My 11mth daughter has begun to wake at night. I am not really sure why or what I should do to stop it
My daughter has slept through from 10pm untill6.30-7am since 9 weeks old. She then slept well after dropping the 10pm feed. During the day she also slept well although not always for 2.5 or 2 hrs recommended. She had gastro -enteritis in September followed by a bad cold. Her daytime sleep continued to be alright but at night time we had to help her. Since then she wakes erratically in the night, eg 3.30am for 1.5hrs or 11.30pm for 2 hrs. We cannot settle her despite controlled crying, feeding, medicine, water, cuddles etc. Since going to nursery, two months ago, her daytime sleep has not been so good. She will not sleep in the morning and has about an hour at 12.30pm although she has had less and more! She does not show tiredness until too late and she fights sleep. I have looked at all the subjects on the site and in the books and feel that this is a combination of too many subjects for me to make sense of it. I want to try and sort this out before it gets any worse. I can’t understand why she won’t settle in the night on the nights she wakes. She has woken the last 2 nights but before that slept through for a fortnight.
My daughter eats three meals a day. She has a fairly small breakfast taking around 2 dessertspoons of cereal, followed by toast.
She takes about 8-10 tablespoons of a protein meal at lunchtime and the same amount of a vegetarian tea followed by yoghurt or a fruit pudding. At teatime she can be irritable if tired but will eat well in the end. She drinks 8ozs of formula at 6.45pm and is settled at 7pm.
It can be difficult trying to work out why your daughter has begun to wake for a length of time in the night, especially as she has been ill for a while. Eliminating all the reasons may take some trial and error on your part.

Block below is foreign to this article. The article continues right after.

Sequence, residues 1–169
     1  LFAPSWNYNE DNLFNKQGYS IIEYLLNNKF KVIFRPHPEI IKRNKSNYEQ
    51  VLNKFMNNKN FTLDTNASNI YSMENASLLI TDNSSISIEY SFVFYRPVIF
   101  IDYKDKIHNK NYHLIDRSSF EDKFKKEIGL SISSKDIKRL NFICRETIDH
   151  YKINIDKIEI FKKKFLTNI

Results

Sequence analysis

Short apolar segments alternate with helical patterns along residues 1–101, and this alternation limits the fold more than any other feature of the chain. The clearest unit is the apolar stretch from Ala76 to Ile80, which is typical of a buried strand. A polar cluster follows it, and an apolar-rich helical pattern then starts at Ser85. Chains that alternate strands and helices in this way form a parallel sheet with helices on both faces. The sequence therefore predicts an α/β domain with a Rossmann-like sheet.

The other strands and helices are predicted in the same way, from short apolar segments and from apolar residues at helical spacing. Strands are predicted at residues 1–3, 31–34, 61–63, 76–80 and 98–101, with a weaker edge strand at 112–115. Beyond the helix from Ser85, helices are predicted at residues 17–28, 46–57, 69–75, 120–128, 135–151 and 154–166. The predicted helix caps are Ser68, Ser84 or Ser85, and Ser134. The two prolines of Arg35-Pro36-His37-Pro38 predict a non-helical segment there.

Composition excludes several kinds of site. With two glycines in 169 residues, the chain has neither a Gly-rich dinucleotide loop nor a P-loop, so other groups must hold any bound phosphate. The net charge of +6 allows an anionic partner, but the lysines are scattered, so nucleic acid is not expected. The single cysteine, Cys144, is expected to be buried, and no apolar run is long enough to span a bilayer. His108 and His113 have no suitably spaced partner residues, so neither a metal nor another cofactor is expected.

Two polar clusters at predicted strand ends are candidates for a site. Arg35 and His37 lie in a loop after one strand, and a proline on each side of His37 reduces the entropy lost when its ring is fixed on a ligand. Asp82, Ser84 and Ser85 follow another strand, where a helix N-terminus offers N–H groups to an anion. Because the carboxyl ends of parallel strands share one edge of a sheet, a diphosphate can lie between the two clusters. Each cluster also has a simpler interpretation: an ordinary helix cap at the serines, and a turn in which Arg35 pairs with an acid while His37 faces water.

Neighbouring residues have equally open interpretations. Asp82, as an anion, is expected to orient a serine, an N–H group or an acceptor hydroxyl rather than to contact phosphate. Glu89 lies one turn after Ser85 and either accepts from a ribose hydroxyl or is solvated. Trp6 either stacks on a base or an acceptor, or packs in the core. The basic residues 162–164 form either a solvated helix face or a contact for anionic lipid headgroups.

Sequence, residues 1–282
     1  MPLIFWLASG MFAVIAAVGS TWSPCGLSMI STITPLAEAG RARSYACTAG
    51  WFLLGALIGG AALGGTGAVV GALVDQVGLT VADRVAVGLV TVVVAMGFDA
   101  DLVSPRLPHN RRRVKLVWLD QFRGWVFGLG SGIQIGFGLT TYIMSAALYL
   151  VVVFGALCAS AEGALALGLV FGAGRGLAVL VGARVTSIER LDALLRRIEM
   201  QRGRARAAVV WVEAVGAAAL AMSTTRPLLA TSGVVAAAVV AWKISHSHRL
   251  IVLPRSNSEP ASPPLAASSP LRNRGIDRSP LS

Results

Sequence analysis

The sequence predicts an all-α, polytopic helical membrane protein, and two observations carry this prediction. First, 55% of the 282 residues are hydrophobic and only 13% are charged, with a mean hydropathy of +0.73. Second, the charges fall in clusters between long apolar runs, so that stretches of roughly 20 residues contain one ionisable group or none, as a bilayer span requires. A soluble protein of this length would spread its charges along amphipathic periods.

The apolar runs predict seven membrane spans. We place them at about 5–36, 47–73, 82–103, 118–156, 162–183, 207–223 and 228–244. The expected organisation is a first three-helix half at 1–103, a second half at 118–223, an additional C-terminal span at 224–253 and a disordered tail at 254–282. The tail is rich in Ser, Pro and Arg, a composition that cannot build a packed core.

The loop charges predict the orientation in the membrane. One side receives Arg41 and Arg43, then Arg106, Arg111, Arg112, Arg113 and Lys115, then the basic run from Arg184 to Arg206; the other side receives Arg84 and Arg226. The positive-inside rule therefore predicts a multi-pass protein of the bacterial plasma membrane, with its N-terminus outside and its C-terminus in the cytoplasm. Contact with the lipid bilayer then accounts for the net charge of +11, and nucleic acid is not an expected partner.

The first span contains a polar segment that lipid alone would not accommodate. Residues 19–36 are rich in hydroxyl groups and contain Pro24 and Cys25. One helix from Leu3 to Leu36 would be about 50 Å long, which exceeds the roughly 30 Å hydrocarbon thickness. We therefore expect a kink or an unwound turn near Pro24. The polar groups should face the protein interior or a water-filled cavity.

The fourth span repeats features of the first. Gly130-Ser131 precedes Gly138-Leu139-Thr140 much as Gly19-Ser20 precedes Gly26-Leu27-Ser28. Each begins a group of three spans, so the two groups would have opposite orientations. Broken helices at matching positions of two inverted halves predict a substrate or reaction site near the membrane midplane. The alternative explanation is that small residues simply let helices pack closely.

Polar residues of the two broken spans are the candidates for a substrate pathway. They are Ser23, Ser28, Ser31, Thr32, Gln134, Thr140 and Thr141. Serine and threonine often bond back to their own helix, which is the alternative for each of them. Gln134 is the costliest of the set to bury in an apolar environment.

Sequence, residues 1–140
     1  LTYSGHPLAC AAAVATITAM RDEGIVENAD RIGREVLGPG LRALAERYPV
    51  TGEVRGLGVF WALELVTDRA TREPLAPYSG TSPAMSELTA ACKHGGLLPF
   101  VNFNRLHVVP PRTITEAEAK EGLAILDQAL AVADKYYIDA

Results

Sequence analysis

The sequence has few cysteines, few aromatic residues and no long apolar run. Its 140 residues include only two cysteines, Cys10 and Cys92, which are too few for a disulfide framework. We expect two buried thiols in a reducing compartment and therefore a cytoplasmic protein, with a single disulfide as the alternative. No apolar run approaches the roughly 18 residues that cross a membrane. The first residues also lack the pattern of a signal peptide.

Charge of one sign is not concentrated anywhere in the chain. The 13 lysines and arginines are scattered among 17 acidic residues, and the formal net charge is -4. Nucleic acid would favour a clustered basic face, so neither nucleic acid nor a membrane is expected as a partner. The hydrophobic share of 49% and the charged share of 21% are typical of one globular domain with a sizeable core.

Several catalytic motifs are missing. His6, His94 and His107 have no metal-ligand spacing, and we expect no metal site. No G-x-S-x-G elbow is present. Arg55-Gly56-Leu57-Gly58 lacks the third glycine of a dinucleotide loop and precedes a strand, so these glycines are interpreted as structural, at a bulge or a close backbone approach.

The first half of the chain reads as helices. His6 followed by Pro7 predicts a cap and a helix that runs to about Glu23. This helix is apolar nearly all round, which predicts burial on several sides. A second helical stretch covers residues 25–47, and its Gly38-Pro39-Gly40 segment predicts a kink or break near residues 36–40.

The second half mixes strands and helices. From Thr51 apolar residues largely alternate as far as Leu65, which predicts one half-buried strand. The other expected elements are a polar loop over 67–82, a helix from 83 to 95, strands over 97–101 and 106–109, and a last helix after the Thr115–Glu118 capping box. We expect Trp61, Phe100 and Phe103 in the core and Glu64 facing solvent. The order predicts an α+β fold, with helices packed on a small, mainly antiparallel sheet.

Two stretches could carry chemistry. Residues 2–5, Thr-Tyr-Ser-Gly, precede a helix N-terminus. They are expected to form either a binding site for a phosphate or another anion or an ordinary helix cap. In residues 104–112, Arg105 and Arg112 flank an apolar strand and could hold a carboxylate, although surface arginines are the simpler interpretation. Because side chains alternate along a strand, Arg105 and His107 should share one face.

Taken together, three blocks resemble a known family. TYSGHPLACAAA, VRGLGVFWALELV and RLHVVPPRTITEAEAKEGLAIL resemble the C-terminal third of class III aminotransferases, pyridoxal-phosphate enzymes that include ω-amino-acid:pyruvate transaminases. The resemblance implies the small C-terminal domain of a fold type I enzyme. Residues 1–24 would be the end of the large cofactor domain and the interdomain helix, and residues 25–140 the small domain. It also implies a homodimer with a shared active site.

Being overtired is often a reason for restless or interrupted sleep. As well as being awake in the night your daughter is waking by 6.30am. Since starting at nursery your daughter’s daytime sleep has lessened quite a bit. She is probably quite mobile now and has the added stimulation of being at nursery four days a week. These two factors mean she is probably falling straight into an exhausted sleep at 7pm. Even if you feel she is not showing signs of being tired earlier, move her bedtime back towards 6.30/6.40pm. She may spend 15 minutes chatting to herself before falling asleep but this preferable to going down exhausted.
On the days when she is not at nursery make sure you build quiet times into her day to make up for dropped morning nap. At this age a baby is constantly moving, pulling up on the furniture, crawling or cruising around. They need short spells when they are resting in between all this activity. You may be able to put her into her cot to play quietly for 15-20 minutes around 9.30am whilst you tidy up nearby. If this is not an option consider going out for a short walk at this time. Again, your daughter will be resting whilst in her buggy or pram. If she does rest during the morning you may be able to push her lunchtime nap on to nearer 1pm. At this age the lunchtime nap may move nearer to 1-3pm which can also help her be less tired by teatime. Moving her nap at nursery may not be an option but try it when she is at home. It may result in her settling longer for this nap.